bishopmyles:

talesofthestarshipregeneration:

thequeenandthephoenix:

blackgirlsprettythings:

prominent-afro-history:

"Joshua Beckford learned to read fluently by the time he was two and a half and taught himself to touch-type on a computer before he could write using a pencil.
He can speak Japanese, practices medical surgery on a computer simulator and has completed more than 1,000 maths problems.”

Can we please reblog our children!!!

HOW THOUGH??? HOW IS THIS AMAZINGNESS POSSIBLE. 

resources

That’s wilddddddddddddddd, gon head boi!

(via politicalpolitics)

Timestamp: 1413868207

bishopmyles:

talesofthestarshipregeneration:

thequeenandthephoenix:

blackgirlsprettythings:

prominent-afro-history:

"Joshua Beckford learned to read fluently by the time he was two and a half and taught himself to touch-type on a computer before he could write using a pencil.
He can speak Japanese, practices medical surgery on a computer simulator and has completed more than 1,000 maths problems.”

Can we please reblog our children!!!

HOW THOUGH??? HOW IS THIS AMAZINGNESS POSSIBLE. 

resources

That’s wilddddddddddddddd, gon head boi!

(via politicalpolitics)

goldenlady25:

New Rich Life Collection from Pop Up Plus NY. All looks are under $50.00 making it affordable for all. Check it out!

Check out my blog for more looks!

(via shurikenpromises)

Timestamp: 1413785982

goldenlady25:

New Rich Life Collection from Pop Up Plus NY. All looks are under $50.00 making it affordable for all. Check it out!

Check out my blog for more looks!

(via shurikenpromises)

sitting, waiting, wishing

One month until I go home (for a three day trip).

Six weeks until thanksgiving break. (for five days off!)

Two months until winter break. (And three whole weeks off!)

Waiting, life is a waiting game. It’s not that I’m unhappy, it’s just that a piece of my heart is missing when I’m without them. I actually really love it here and I love school and I love “work”. I just wish I could teleport or that everyone was here. I guess I’m just bored again. I vacillate between way too busy and bored. There is no in-between. Oh well, in life we must have things to look forward to. I’m looking forward to seeing everyone again. I start missing everyone every now and then.

I just gotta make it through this month and the second month will move quickly with the thanksgiving break in the middle of it. After this month, december will come with a quickness and before I know it, my birthday will be upon me. When did I stop knowing how to chill?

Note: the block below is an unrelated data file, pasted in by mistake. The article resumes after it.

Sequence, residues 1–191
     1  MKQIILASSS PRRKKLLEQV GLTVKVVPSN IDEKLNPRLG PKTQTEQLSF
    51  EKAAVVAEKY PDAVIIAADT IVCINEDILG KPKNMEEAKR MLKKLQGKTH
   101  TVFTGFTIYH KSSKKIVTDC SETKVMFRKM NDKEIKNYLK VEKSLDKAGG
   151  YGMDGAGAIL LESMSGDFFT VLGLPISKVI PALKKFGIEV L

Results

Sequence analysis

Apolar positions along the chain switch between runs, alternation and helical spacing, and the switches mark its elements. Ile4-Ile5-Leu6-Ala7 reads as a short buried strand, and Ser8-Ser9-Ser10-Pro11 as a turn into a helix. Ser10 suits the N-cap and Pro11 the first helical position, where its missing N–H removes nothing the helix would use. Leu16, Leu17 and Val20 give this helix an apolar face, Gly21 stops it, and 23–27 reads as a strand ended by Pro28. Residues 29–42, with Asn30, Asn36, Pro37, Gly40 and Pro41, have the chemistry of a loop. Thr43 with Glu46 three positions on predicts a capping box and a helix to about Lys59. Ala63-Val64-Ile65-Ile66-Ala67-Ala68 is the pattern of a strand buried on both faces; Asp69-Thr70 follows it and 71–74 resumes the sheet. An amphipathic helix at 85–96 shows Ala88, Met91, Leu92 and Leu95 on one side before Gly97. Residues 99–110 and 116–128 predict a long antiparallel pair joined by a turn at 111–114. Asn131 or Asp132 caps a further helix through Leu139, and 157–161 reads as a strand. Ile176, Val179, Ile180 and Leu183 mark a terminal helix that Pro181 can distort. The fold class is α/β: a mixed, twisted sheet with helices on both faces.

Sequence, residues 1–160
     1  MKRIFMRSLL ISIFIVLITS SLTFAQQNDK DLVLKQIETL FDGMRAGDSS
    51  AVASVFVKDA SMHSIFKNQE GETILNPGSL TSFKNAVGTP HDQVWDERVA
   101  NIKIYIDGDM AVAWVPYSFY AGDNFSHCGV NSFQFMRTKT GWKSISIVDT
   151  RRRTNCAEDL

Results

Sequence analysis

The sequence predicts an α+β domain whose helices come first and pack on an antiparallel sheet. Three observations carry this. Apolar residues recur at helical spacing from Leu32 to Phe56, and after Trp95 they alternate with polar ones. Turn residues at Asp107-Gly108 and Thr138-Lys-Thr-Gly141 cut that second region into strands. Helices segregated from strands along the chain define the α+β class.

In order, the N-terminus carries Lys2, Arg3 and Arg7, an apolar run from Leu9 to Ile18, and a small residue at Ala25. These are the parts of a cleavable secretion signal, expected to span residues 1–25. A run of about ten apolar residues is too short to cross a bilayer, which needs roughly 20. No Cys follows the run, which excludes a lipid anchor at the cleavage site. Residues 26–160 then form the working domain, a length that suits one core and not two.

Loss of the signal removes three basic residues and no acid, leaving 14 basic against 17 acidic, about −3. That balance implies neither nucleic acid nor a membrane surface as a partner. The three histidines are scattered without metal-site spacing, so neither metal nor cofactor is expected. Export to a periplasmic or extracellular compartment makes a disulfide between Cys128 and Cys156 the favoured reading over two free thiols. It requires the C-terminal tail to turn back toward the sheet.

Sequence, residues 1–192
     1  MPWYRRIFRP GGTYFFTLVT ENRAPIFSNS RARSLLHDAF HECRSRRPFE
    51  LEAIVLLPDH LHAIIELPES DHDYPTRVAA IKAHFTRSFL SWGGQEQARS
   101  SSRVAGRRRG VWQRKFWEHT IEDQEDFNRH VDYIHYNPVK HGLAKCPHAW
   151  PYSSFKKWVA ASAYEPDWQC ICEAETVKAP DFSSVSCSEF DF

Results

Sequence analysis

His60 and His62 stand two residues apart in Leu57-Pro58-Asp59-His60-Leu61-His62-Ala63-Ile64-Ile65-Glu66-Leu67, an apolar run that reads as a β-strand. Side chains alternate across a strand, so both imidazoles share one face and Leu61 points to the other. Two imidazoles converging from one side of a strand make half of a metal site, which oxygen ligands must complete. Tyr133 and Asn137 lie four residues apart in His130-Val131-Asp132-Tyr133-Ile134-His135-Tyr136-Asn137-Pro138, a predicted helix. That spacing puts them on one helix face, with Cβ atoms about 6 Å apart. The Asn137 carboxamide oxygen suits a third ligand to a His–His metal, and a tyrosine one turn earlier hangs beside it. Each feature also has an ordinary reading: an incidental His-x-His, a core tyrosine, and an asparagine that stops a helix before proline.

gohomeluhan:

As I’m walking through Target with my little sister, the kid somehow manages to convince me to take a trip down the doll aisle. I know the type - brands that preach diversity through displays of nine different variations of white and maybe a black girl if you’re lucky enough. What I instead found as soon as I turned into the aisle were these two boxes.

The girl on the left is Shola, an Afghani girl from Kabul with war-torn eyes. Her biography on the inside flap tells us that “her country has been at war since before she was born”, and all she has left of her family is her older sister. They’re part of a circus, the one source of light in their lives, and they read the Qur’an. She wears a hijab.

The girl on the right is Nahji, a ten-year-old Indian girl from Assam, where “young girls are forced to work and get married at a very early age”. Nahji is smart, admirable, extremely studious. She teaches her fellow girls to believe in themselves. In the left side of her nose, as tradition mandates, she has a piercing. On her right hand is a henna tattoo.

As a Pakistani girl growing up in post-9/11 America, this is so important to me. The closest thing we had to these back in my day were “customizable” American Girl dolls, who were very strictly white or black. My eyes are green, my hair was black, and my skin is brown, and I couldn’t find my reflection in any of those girls. Yet I settled, just like I settled for the terrorist jokes boys would throw at me, like I settled for the butchered pronunciations of names of mine and my friends’ countries. I settled for a white doll, who at least had my eyes if nothing else, and I named her Rabeea and loved her. But I still couldn’t completely connect to her.

My little sister, who had been the one to push me down the aisle in the first place, stopped to stare with me at the girls. And then the words, “Maybe they can be my American Girls,” slipped out of her mouth. This young girl, barely represented in today’s society, finally found a doll that looks like her, that wears the weird headscarf that her grandma does and still manages to look beautiful.

I turned the dolls’ boxes around and snapped a picture of the back of Nahji’s. There are more that I didn’t see in the store; a Belarusian, an Ethiopian, a Brazilian, a Laotian, a Native American, a Mexican. And more.